Genetic Carrying Handles: Cloning Vectors
In order to clone a gene, its DNA sequence must be attached to some kind of carrier, also made of DNA, that can take it into the cell. Biologists call these carriers vectors. A vector acts like a handle for the DNA, and it also contains other tools such as an origin of replication and a selective marker. The origin of replication is a sequence of DNA that the host cell recognizes that allows it to make more copies of the clone DNA sequence. This origin sequence is where the cell begins copying the vector and the attached clone DNA. The selective marker is a specific DNA sequence that is used by biologists to tell if the clone has entered the cell, and they are usually genes that confer antibiotic resistance to the cell. The most common media used for this process is actually very similar to chicken soup, but the carbohydrate agarose is added to convert the media into a semi-solid substance, since bacterial colonies are much easier to detect on a semi-solid surface. Agarose is much like gelatin, but it comes from seaweed and unlike gelatin, most bacteria cannot digest it. Antibiotics are often added to the media, to kill any cells that do not possess the antibiotic resistant selective marker gene, which is in the clone DNA. This way, biologists can ensure that all the remaining cells have in fact taken up the clone DNA and its vector. These cells are called transfected cells. Antibiotics are not the only way to identify transfected cells. Biologists sometimes use selective markers that turn cells a different colour or even to make them glow. Common proteins that do this include luciferase, which makes fireflies glow or green fluorescent protein, which comes from certain species of jellyfish. Green fluorescent protein also comes in other colours!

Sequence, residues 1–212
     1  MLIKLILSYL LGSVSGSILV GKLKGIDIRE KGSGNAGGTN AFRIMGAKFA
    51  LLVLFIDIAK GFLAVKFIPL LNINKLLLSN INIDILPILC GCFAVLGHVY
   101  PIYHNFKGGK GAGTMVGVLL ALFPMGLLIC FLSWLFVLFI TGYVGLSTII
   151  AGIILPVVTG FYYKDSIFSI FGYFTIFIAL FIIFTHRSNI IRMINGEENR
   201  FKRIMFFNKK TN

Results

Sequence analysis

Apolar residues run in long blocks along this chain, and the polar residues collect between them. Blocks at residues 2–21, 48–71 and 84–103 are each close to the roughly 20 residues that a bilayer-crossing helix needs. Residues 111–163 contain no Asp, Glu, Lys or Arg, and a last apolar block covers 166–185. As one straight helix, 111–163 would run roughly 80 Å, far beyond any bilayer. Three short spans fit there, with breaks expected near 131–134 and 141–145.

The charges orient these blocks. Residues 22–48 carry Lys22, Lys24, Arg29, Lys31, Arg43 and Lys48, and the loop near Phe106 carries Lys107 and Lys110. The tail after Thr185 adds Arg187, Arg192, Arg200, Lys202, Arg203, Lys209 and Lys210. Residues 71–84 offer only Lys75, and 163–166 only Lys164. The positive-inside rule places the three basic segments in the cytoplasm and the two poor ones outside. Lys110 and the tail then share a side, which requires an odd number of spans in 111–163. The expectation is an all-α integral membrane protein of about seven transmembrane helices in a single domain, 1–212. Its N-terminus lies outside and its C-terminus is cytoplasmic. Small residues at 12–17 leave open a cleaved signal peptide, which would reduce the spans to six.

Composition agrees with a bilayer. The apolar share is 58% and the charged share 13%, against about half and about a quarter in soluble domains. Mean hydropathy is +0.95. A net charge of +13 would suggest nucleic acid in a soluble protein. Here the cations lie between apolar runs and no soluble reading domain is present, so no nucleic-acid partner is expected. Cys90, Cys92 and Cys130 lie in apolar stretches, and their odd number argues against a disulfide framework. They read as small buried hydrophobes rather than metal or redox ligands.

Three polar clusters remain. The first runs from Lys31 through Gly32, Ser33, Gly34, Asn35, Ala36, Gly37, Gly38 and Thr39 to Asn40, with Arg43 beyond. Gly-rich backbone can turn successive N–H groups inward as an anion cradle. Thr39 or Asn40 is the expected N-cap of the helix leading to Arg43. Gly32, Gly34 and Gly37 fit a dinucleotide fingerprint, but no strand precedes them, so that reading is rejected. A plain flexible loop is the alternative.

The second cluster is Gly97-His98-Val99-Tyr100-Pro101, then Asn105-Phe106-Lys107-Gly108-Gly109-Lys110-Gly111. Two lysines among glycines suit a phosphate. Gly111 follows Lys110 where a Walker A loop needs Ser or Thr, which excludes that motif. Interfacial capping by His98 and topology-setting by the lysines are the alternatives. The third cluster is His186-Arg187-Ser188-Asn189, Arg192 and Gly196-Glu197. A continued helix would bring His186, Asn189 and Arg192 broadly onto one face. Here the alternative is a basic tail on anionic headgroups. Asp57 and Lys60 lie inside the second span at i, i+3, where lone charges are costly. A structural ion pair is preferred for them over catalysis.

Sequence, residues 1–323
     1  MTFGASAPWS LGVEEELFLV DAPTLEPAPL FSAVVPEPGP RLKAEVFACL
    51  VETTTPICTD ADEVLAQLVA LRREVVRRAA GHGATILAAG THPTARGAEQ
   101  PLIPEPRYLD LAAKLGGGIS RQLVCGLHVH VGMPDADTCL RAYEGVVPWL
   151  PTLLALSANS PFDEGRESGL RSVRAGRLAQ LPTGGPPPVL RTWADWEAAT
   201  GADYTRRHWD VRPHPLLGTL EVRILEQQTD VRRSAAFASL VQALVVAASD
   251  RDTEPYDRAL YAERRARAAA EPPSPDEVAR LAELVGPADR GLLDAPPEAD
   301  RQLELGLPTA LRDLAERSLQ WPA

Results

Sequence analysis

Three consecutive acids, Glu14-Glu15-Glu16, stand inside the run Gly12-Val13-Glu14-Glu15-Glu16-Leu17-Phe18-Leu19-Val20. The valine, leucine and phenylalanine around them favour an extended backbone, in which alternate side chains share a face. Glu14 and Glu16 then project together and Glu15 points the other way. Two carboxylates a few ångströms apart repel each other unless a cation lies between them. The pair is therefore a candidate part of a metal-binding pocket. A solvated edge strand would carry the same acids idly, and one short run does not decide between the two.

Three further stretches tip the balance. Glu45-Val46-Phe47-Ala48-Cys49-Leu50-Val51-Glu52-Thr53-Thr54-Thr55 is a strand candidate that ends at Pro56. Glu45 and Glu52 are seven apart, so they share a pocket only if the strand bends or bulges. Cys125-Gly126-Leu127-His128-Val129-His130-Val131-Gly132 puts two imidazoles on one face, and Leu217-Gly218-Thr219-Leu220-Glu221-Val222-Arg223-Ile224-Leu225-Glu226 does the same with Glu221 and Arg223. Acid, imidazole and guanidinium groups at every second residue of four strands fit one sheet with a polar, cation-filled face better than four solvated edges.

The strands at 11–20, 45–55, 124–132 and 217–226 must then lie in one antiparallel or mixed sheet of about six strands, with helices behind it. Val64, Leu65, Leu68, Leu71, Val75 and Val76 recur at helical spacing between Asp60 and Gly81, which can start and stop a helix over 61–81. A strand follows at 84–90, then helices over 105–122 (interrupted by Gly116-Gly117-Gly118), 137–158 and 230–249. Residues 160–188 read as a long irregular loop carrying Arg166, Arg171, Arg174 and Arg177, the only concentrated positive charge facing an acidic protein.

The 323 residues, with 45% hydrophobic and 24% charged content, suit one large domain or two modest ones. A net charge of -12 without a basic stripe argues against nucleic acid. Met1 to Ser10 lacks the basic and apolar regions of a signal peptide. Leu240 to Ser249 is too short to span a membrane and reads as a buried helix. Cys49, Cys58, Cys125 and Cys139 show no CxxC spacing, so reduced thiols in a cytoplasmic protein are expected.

There are many different kinds of vectors and most of them are adopted from viruses or plasmids; small circles of DNA found in many bacteria and yeasts that are separate from their much larger genome. Phages are viruses that only infect bacteria, and some of them have been adapted into vectors. However, phages are sometimes hard to work with and they cannot contain much more genetic material than they already have wild-type.
Plasmids that have been turned into vectors can hold about 10,000 nucleotide base pairs (bp) or 10 kilobase pairs (kb). Cosmids are a weird mix between plasmids and phages and can hold up to 30 kb. In comparison, the average size of a human gene is about 27 kb. The average size of a gene in rice, an important and widely studied crop in many areas of the world, is about 2.3 kb. Of course, there are larger and smaller genes than these.